“Blessed are those who mourn, for they shall be comforted.” — Matthew 5:4
To mourn is to feel or express grief or sorrow. The Greek translation defines it to lament and feel guilt. We associate mourning with death—and rightfully so. But in this context, Jesus isn’t talking about mourning over death. He’s talking about mourning over what separates us from Him—sin (Is. 59:1-2). God doesn’t take sin lightly, and neither should we.
Psalm 119:136 says, “Rivers of water run down from my eyes, because men do not keep Your law.” When’s the last time you wept over the sins of the world? News headlines are marred with murder, abortion, same-sex marriage, etc. When’s the last time you mourned over the sins of a brother or sister in Christ who turned their back on God? When was the last time you mourned over your own sin? To be in the kingdom, we must have a heart of mourning.
We must mourn over our sin because we realize we are spiritually bankrupt. We recognize the value of confessing our weaknesses. And we recognize we must fully depend on God. Without the blood of Jesus Christ, we are helpless. We can’t do it on our own. Thus, we must always look to the cross to be reminded of the pain and agony our Savior endured for us. What did that to Jesus? The sins we tend to treat so lightly.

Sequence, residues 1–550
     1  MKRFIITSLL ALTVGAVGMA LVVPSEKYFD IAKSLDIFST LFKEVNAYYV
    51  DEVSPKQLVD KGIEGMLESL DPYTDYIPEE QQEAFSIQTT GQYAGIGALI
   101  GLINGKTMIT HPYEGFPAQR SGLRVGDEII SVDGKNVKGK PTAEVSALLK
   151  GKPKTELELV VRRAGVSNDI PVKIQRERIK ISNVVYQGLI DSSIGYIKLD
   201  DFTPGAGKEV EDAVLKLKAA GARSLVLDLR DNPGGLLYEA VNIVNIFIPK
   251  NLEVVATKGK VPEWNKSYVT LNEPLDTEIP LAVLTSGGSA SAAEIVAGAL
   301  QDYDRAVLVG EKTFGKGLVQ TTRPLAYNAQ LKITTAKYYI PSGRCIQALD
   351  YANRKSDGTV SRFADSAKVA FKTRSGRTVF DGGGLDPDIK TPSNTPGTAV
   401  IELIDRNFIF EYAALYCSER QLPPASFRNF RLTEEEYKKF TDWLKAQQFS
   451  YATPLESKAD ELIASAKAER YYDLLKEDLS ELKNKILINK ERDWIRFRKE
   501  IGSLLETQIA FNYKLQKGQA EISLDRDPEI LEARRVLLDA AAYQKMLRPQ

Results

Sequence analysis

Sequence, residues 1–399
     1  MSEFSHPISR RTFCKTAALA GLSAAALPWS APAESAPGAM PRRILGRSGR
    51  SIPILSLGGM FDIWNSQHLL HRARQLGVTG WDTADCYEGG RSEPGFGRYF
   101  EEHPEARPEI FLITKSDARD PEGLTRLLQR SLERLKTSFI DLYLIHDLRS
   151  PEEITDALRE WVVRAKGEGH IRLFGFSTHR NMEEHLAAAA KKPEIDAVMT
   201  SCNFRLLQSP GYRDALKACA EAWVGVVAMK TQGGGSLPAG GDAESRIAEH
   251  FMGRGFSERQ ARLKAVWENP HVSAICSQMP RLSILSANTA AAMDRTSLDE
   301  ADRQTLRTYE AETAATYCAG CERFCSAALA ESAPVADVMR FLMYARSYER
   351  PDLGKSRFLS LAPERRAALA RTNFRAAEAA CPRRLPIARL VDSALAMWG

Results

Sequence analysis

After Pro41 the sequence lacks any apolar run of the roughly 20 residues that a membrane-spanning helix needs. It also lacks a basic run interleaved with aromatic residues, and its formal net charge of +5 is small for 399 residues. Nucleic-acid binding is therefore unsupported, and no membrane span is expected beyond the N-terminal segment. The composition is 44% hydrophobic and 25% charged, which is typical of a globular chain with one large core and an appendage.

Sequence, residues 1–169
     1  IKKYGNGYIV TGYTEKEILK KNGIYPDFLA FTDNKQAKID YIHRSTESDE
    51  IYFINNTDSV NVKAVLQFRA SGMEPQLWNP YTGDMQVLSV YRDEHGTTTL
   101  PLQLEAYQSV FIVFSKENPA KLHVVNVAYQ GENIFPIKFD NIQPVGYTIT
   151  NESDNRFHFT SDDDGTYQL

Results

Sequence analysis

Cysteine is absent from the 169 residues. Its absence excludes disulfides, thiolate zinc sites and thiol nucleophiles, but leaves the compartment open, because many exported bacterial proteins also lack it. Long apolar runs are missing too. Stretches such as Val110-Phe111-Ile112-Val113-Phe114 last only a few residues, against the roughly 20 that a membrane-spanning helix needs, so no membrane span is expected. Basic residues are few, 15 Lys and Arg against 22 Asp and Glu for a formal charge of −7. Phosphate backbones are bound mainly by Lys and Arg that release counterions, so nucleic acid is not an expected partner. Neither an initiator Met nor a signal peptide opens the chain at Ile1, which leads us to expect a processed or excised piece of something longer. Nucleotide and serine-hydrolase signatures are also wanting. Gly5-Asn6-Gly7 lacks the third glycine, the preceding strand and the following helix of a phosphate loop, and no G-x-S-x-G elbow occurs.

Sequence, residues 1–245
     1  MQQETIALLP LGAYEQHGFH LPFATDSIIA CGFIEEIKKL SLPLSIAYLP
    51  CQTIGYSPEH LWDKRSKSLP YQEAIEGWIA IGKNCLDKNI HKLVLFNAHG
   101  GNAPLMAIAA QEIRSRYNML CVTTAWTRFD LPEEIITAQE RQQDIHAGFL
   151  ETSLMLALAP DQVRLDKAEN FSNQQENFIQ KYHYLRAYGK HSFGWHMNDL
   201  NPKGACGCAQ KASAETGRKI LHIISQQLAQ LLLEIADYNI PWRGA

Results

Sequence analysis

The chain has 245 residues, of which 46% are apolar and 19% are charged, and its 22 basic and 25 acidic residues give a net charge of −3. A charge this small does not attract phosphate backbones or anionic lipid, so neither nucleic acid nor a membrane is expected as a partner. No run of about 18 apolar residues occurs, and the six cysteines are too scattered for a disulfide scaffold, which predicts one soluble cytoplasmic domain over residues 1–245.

We should never be nonchalant about sin — because of the consequences. A life lived separated from God on this earth will lead to eternity separated from God. When sin lies at your door, please think about not only about the immediate consequences, but think of the eternal consequences (Matt. 10:28: “Fear Him who is able to destroy both soul and body in hell”).
Jesus closes Matt. 5:4 with a promise. The blessing is not in the mourning but the promise of comfort. Mourners aren’t happy because they’re mourning. They’re happy because they are comforted. What does comfort look like? It’s forgiveness, grace, mercy and blessing. Sin is always going to be around us. Comfort is found in going home to heaven (Rev. 21:4: “And God will wipe away every tear from their eyes; there shall be no more death, nor sorrow, nor crying. There shall be no more pain, for the former things have passed away”).